Tuesday, April 25, 2023

Presentation: Stories of Hope & Resilience

In April, members of the EPIC team traveled to Chicago to present “Stories of Hope & Resilience: Exploring the Pandemic’s Congregational Challenges”  at the 2023 Religion Communicators Council/Associated Church Press annual Convention.

Principal Investigator Scott Thumma explained to the approximate 70 people in attendance, that three primary questions guide our work:

  1. How did congregations respond to the COVID-19 pandemic?
  2. What are the long-term consequences of COVID on congregational life in the U.S.?
  3. What does congregational life look like post-pandemic?

So far EPIC researchers have conducted three surveys exploring these issues and a fourth survey is in the field currently.

Results thus far have shown a high level of hope and optimism. Congregations seem willing to change to meet new challenges, claim they will emerge stronger than ever before, are thinking in new ways about vision and mission and have Identified and embraced new opportunities for ministry, explained Thumma.

He also noted other “silver linings” from the survey data. Those include embracing a new vision and new clientele, innovating rather than replicating the old patterns and collaborating and networking with other churches, social services, government and for-profits.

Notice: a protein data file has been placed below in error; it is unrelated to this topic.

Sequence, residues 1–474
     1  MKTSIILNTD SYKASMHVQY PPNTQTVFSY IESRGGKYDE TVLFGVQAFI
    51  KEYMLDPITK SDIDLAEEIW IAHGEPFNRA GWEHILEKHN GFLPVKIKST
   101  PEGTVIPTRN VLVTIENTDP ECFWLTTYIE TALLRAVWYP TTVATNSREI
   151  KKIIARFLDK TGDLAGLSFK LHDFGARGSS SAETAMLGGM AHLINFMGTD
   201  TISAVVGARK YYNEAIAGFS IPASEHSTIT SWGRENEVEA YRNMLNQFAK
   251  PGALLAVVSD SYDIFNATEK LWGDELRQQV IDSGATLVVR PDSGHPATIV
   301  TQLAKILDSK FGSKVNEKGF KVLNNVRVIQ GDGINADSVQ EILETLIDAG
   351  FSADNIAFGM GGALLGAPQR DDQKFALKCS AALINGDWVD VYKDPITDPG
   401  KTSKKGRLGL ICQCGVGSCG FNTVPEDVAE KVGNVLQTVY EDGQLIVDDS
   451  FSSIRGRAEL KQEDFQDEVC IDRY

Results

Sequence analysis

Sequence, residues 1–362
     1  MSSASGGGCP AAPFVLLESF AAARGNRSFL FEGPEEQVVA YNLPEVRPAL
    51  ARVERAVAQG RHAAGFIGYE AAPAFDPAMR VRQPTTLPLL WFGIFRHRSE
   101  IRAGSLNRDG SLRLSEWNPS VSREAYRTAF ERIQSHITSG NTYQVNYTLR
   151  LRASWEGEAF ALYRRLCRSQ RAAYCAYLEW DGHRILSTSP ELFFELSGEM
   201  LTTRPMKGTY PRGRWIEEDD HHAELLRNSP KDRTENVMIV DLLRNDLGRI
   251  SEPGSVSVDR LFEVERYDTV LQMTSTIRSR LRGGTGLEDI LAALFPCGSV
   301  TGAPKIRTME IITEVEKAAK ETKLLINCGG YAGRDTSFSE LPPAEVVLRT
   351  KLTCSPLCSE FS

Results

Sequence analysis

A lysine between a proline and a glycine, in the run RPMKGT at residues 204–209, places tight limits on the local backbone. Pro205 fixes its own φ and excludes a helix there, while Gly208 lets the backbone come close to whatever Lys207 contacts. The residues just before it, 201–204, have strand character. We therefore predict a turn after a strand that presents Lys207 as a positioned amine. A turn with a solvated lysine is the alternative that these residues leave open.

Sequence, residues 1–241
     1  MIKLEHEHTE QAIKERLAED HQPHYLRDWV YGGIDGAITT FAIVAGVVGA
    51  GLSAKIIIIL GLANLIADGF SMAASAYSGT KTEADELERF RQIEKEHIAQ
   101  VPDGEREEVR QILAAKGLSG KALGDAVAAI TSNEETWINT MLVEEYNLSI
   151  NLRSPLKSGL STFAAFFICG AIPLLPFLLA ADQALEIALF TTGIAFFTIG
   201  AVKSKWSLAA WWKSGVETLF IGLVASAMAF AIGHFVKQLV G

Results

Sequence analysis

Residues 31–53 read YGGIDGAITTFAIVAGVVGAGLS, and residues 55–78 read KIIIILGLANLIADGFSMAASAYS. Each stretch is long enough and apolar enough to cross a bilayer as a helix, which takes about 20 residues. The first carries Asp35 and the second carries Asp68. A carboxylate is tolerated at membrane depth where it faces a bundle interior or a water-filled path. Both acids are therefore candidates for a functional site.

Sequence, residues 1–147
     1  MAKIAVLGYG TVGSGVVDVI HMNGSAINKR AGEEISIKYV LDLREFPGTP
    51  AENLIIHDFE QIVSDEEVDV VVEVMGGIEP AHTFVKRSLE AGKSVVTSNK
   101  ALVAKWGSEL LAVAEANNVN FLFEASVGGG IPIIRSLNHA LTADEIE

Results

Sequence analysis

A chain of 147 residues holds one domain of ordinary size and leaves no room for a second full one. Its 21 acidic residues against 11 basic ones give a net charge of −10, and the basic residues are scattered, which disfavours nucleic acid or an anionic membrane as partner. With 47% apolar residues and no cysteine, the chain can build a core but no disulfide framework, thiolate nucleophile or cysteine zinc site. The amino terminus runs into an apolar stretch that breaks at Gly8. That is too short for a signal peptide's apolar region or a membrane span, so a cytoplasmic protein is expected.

Co Investigator Allison Norton noted two hopeful themes from the data. First, she said, was COVID being a catalyst for change. Congregations found the pandemic to be an opportunity to refocus on what is important, particularly  in the formation of virtual spaces for worship, religious education, and community; creative building usage and new relationships with technology.

EPIC consultant Tracy Simmons shared some examples of this by highlighting stories about resilient congregations that have come out of the data. For example, some churches have found growth by moving – and staying – on an online-only format. In another instance, a church in Colorado grew their small group ministry during the pandemic.

Norton said another theme she noticed from the data was congregations finding new pathways to collaboration and partnership. Many churches, she explained, established interdenominational and interfaith partnerships and found ways to collaborate with civic leaders and health professionals.

Simmons gave the example of a church in New Jersey that has made over 100,000 sandwiches as a way to feed the hungry in their community. Multiple congregations, as well as a regional convenience store, has joined in the effort.